Everyone who collects Vaseline glass knows it’s got uranium in it, which means everyone who comes in contact with Vaseline glass understands they’re being irradiated. It doesn’t matter whether you’re the gaffer making footed cake plates in a glass factory, the driver loading boxes of lace-edged compotes onto a truck, or the tchotchkes dealer setting out vintage Vaseline glass toothpick holders and tumblers for prospective customers – all of you are being zapped.
The radiation content, by the way, poses no hazard however, the levels are far below those that occur around us naturally.
Nothing can escape the incredibly powerful gravitational field of a black hole, not even light. It therefore stands to reason that we, and everything else in the universe, will eventually end up as black hole fodder. Does it not? Well no, it turns out we won’t, because mathematically at least, it seems black holes cannot even exist:
By merging two seemingly conflicting theories, Laura Mersini-Houghton, a physics professor at UNC-Chapel Hill in the College of Arts and Sciences, has proven, mathematically, that black holes can never come into being in the first place. The work not only forces scientists to reimagine the fabric of space-time, but also rethink the origins of the universe.
One project is Michael Marcovici’s Rat Trader. The book describes the training of laboratory rats to trade in foreign exchange and commodity futures markets. Marcovici says the rats “outperformed some of the world’s leading human fund managers.” The rats were trained to press a red or green button to give buy or sell signals, after listening to ticker tape movements represented as sounds. If they called the market right they were fed, if they called it wrong they got a small electric shock. Male and female rats performed equally well. The second generation of rattraders, cross-bred from the best performers in the first generation, appeared to have even better performance, although this is a preliminary result, according to the text. Marcovici’s plan, he writes, is to breed enough of them to set up a hedge fund.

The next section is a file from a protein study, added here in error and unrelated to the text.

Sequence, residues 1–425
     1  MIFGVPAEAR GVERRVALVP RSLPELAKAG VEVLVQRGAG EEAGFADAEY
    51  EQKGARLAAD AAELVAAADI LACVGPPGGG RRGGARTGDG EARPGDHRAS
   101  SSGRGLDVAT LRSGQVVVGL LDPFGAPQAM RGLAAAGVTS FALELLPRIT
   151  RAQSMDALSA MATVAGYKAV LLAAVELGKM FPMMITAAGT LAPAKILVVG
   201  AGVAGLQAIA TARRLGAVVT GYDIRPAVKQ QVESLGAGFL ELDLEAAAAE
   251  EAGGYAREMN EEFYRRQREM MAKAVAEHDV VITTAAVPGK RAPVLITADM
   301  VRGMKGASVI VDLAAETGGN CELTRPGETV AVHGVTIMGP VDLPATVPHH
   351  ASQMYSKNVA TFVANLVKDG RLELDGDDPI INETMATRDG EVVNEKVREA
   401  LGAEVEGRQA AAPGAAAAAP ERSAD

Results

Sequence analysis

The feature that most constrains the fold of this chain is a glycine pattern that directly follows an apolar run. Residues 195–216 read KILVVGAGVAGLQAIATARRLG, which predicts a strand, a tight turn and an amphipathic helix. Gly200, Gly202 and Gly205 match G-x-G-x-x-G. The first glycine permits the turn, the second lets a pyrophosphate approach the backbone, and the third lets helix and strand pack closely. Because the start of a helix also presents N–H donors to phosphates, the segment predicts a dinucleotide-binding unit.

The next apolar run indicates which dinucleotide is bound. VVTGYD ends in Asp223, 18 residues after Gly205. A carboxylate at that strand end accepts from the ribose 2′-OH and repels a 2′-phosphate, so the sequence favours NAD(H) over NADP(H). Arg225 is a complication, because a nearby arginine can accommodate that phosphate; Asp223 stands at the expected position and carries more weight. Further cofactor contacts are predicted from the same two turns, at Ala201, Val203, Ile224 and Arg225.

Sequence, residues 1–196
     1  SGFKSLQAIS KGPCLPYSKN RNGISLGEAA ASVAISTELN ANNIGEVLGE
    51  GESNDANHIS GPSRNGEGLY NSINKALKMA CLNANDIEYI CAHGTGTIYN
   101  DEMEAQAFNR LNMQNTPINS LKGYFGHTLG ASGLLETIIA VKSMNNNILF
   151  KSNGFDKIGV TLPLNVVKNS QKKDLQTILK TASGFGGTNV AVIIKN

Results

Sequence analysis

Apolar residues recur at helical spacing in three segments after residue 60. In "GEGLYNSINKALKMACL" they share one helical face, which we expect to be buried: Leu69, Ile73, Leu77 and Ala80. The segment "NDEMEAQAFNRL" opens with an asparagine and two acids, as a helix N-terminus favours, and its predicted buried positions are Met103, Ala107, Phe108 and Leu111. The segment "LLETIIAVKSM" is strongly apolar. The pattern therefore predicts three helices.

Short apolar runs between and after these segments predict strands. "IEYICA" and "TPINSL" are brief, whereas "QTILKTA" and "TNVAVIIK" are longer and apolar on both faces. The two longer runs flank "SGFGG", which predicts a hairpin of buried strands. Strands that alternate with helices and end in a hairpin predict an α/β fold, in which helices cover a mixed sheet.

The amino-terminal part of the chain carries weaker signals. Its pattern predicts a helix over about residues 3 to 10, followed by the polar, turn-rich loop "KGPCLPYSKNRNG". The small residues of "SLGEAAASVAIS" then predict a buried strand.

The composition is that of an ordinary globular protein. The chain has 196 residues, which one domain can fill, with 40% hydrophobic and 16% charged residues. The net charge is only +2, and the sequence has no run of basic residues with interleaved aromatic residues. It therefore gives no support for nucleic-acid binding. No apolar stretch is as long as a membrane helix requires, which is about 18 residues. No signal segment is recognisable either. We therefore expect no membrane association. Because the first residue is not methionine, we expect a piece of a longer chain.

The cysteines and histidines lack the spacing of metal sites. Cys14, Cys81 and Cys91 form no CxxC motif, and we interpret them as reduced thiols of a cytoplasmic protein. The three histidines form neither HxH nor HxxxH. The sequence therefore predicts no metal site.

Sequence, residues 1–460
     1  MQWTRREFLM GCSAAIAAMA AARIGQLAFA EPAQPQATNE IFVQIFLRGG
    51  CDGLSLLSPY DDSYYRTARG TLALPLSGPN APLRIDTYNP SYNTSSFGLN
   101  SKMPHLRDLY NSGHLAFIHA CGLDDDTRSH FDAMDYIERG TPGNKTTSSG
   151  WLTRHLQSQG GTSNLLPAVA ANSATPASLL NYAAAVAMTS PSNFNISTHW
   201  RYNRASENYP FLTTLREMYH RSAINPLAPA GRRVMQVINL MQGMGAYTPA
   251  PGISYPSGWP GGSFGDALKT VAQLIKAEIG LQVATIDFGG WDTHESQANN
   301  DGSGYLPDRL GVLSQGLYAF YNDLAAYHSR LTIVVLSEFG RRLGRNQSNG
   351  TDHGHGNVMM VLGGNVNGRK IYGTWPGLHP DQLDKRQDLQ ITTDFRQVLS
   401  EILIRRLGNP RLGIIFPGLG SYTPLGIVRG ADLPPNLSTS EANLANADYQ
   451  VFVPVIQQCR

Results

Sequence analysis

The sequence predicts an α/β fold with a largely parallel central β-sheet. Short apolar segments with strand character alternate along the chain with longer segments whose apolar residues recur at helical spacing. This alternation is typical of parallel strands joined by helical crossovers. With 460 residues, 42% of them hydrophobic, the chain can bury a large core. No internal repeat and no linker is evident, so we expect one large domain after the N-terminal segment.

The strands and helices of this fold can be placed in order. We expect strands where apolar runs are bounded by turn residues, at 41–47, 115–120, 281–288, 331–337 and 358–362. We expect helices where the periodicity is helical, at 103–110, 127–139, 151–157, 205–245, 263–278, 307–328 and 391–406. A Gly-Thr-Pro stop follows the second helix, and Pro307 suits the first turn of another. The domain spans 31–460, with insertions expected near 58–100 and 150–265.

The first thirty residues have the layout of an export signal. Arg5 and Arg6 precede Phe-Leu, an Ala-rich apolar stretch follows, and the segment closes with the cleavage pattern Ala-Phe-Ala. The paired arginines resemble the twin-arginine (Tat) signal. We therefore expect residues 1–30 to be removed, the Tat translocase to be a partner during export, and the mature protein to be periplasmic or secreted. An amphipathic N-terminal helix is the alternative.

I don’t think the rats needed to be zapped if they messed up though, surely they could have just gone without a reward in such an instance?
Solar flares have been in the news in recent weeks, and while they can cause a certain degree of havoc to the Earth, possibly disrupting radio and satellite communications, the auroras created of late as a result, around the polar regions, have been eye-catching to say the least.
There are a million or more scientific, engineering, financial, and who knows what else, hurdles to be jumped before we go taking off to other parts of the cosmos at the speed of light, but I guess now is a good time to address the topic of… fidelity.
And more important, Roach points out, the astronaut who comes back from voyaging to another galaxy will still be relatively young and fit and good-looking (because they were traveling at near the speed of light, so from their perspective the trip didn’t take that long), while the spouse back home will have aged and withered, having waited around on a planet that just kept spinning indifferently. It’s a recipe for disaster, basically. And betrayal. And pain.
It was always my understanding that the crew of interstellar, speed of light craft, would actually be absent for centuries, if not longer, as far as those on Earth were concerned, something that puts another slant on the question all together…